Rebecca Ferguson Will Only Perform "Strange Fruit" At Donald Trump's Inauguration Because Of Its Powerful Lyrics
President-elect Donald Trump has made threats to the Black Lives Matter movement, when not ignoring it completely, leaving many Americans feel unsure, unsafe, and rightfully angry. Singer Rebecca Ferguson is now taking extremely powerful action to say something about it. The 30-year-old and alum of UK's 2010 X Factor took to Twitter on Monday to announce Ferguson has been asked to perform at Trump's inauguration ceremony on Jan. 20. But there's a catch. The performer will only take the stage with the song of her choosing: "Strange Fruit." With extremely powerful lyrics, the song was once blacklisted in the states for being controversial, which is exactly why Ferguson wants to remind America of its message. Revisiting the lyrics in 2016 is as chilling as it is heartbreaking.
With a post simply titled "Inauguration ceremony," the singer explains why she chooses the 1937 song, most recognized by Billie Holiday's rendition:
I've been asked and this is my answer. If you allow me to sing "strange fruit" a song that has huge historical importance, a song that was blacklisted in the United States for being too controversial. A song that speaks to all the disregarded and down trodden black people in the United States. A song that is a reminder of how love is the only thing that will conquer all the hatred in this world, then I will graciously accept your invitation and see you in Washington. Best Rebecca X
Written by Jewish socialist Abel Meeropol (with pseudonym Lewis Allan), The Independent refers to the poem as a "protest song about lynchings of African-Americans in the 20th century," capturing his utter disbelief and remorse over what he witnessed. In addition to Holiday, it's been performed by Nina Simone (which was sampled in Kanye West's "Blood on the Leaves"), Sting, and John Martyn. The reality of the lyrics is horrifying, and to think it applies to 2016 America is hard to even believe.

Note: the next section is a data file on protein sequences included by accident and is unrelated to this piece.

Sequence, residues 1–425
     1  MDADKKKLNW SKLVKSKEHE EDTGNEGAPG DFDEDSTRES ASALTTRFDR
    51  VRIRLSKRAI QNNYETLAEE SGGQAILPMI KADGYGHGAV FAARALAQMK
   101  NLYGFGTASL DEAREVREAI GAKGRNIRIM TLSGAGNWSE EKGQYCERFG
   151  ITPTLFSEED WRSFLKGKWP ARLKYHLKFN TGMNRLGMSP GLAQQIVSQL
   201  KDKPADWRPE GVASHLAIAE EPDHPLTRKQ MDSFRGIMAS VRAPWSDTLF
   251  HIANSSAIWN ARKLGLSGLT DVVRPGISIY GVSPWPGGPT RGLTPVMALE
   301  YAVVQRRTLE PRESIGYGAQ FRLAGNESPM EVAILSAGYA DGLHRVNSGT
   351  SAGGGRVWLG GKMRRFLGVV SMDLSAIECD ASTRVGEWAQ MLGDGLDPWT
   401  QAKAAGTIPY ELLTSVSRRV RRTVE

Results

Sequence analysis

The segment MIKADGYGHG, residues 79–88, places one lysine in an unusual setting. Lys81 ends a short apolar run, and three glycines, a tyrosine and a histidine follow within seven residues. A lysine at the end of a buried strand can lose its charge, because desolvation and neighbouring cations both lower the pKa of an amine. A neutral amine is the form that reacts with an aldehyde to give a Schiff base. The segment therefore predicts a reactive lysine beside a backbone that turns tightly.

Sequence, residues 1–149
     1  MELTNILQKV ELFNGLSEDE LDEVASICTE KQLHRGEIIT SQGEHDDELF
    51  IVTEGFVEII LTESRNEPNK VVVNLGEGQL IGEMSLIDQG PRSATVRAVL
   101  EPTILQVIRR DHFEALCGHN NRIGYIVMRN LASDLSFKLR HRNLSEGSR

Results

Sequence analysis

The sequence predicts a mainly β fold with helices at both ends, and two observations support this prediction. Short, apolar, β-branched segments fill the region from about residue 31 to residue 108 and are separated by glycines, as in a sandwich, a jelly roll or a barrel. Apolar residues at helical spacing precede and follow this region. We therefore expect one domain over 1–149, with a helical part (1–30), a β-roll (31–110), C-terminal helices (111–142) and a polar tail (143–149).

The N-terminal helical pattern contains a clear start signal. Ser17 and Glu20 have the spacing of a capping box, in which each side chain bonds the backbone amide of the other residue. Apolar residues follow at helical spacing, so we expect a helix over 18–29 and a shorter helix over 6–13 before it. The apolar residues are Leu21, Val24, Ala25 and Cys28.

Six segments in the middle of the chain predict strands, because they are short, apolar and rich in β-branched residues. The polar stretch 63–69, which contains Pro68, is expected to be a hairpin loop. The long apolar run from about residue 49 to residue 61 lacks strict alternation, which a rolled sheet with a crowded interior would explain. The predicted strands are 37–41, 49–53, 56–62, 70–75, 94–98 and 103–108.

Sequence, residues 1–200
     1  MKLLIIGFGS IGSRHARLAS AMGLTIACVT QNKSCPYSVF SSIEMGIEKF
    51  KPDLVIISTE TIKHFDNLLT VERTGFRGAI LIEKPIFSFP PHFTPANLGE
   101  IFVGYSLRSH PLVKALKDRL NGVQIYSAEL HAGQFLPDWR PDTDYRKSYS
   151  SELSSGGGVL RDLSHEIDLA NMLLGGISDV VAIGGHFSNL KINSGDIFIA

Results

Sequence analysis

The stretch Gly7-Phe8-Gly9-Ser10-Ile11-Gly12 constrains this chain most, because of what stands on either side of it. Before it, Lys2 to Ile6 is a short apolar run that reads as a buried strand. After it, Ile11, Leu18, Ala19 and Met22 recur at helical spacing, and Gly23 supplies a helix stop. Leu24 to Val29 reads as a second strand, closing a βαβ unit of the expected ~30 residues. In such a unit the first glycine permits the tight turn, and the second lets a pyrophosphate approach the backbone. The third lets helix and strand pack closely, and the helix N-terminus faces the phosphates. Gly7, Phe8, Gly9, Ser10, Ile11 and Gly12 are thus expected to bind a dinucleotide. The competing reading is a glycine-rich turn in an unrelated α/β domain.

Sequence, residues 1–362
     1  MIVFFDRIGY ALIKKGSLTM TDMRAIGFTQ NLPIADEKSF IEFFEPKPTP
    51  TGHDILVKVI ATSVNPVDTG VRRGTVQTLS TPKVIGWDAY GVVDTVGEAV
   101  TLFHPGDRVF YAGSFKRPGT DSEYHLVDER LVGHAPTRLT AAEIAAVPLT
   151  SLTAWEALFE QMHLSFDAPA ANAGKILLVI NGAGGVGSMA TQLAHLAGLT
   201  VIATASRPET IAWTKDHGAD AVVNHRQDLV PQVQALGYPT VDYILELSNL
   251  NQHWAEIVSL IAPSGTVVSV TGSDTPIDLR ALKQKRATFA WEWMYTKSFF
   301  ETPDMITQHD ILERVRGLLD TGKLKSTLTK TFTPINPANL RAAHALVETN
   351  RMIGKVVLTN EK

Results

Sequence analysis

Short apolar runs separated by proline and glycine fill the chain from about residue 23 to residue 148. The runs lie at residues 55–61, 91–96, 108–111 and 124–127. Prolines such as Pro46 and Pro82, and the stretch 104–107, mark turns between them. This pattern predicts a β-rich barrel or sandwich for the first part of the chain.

In the first verse, helpless, lynched bodies are referred to as "strange fruit hanging from the trees":
Southern trees bear strange fruit
Blood on the leaves and blood at the root
Black bodies swinging in the southern breeze
Strange fruit hanging from the poplar trees
The cruelties are intensified in the second verse, which describes the views and scents of senseless murders:
Pastoral scene of the gallant south
The bulging eyes and the twisted mouth
Scent of magnolias, sweet and fresh
Then the sudden smell of burning flesh
Lastly, the song captures the disregard and carelessness over human lives that were taken for no reason at all:
Here is fruit for the crows to pluck
For the rain to gather, for the wind to suck
For the sun to rot, for the trees to drop
Here is a strange and bitter crop
It is 2017, and still Americans are witnessing innocent black lives being taken for no reason. Unarmed citizens are killed point-blank and murders are intentionally being captured on cell phones. The reality of society is truly sickening, but it's a reality that Ferguson is brave enough to show the world, with hope that love will ultimately conquer senseless hate. Now, it's Trump's move to show he's listening.